According to journalist Jake Edmiston, Canadians have a bad reputation south of the border - at least when it comes to leaving tips at restaurants.
Apparently, many restaurants in Burlington, Vermont have started adding automatic gratuities to their bills if they suspect the patrons are from Quebec, and one server said he regularly gets a $3 tip on a $100 bill.
A tip that small would be bad news for a server in Canada, but at least minimum wage for servers in Quebec is $8.55. A server in Vermont can be paid as little as $4.10 an hour, so tips are really important.
And our reputation extends beyond Vermont: back in 2009, a popular New York-based blog called 'Waiter Rant' asked servers to name the world's worst tippers. Canadians were among the most frequently mentioned. According to Steve Dublanica, who runs the blog, "Canadians have a rep - deserved or not - as bad tippers."
So what gives? Are we a nation of cheapskates? One explanation offered by Aimee Wimbush-Bourque, a Montreal-based food writer, is that Quebec is "a gastronomical hotspot," and that the province's residents "have high standards for service and high standards for food." So maybe Canadians are discerning about service, not stingy.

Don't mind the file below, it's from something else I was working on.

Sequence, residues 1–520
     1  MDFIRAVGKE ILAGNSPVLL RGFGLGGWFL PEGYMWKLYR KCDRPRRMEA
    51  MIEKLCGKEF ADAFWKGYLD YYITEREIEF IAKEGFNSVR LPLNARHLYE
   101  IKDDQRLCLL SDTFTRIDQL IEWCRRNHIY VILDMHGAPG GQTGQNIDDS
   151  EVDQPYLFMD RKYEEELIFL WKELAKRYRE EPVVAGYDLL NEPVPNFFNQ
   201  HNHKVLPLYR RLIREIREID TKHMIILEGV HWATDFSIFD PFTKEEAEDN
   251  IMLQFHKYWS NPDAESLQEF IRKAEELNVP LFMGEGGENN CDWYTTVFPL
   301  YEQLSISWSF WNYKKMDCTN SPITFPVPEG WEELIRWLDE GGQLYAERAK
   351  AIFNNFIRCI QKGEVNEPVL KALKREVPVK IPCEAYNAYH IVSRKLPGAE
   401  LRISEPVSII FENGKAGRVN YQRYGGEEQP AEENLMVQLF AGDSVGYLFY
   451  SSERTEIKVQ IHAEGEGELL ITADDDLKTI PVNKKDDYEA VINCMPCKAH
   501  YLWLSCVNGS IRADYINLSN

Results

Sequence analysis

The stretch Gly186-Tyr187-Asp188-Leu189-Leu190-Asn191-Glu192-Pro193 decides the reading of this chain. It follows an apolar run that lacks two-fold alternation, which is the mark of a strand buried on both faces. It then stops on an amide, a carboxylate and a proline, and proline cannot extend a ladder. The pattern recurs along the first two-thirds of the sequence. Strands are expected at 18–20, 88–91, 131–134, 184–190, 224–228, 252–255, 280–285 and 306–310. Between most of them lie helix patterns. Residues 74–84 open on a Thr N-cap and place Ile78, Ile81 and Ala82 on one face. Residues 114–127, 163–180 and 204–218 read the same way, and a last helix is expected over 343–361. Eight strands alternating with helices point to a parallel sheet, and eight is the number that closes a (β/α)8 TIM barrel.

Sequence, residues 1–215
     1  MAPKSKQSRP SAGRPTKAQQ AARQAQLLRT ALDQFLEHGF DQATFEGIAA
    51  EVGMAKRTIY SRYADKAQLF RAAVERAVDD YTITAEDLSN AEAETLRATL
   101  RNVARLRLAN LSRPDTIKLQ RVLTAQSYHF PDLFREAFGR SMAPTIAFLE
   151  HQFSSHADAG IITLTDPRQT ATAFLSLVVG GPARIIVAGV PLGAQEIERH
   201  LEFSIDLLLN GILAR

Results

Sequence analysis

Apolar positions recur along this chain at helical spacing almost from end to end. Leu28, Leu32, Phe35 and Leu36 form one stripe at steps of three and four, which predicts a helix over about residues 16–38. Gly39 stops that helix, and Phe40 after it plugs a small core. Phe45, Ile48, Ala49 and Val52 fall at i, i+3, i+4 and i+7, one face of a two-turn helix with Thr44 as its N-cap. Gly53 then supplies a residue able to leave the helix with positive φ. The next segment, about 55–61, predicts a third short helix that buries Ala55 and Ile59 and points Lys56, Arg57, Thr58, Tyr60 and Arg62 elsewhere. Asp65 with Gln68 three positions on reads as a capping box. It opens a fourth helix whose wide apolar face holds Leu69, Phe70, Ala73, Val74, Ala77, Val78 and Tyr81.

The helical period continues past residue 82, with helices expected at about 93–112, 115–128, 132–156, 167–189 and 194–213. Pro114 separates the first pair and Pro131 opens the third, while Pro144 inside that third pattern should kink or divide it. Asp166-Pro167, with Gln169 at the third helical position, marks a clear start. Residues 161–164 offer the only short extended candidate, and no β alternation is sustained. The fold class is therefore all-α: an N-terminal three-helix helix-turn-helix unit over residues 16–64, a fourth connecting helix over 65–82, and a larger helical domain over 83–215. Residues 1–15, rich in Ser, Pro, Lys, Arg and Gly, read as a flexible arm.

But another possibility might be that we're just not comfortable with the whole notion of tipping. Back in 2007, a study of Canadians found that most of us won't tip less than 15 percent in a restaurant (not sure servers in Vermont would agree with that finding), but that we're less sure about how to tip in other places.
Restaurants: The consensus seems to be 15-20 percent on the before-tax amount. If you're feeling generous and the service was good, you can always add some more.
Bars: In the States, a dollar a drink is the rule, but up here we're not so strict. Basically, anywhere between 10 and 20 percent works, and you can always say "keep the change."
Hotels: There's a lot of tipping to be done when you're staying at a hotel. If you use the valet service, you should leave them a tip of between $5 and $10 when you pick up the car (some people also tip when they leave it). For room service, the standard is $2 a day, or a lump sum at the end of your stay. If someone carries your bags, you should give them $1-2 per bag. And if a member of the door staff hails you a cab, he or she gets a buck or two as well. Phew.
Hairdresser/Massage: Just like at a restaurant, you'll want to give your hair stylist or masseur/masseuse a 15-20 percent tip on the before-tax total. If someone else washes or blowdries your hair, you should tip them as well, between $5 and $10 a person.
Cabs: Anywhere from 10-20 percent works - around $5-6 on a $40 fare is the right ballpark.
Or, if you want to sidestep the whole thing, try this: don't drink, stay home, grow your hair, live with back pain, walk, and don't eat. Well, I guess you have to eat. Maybe take up cooking?
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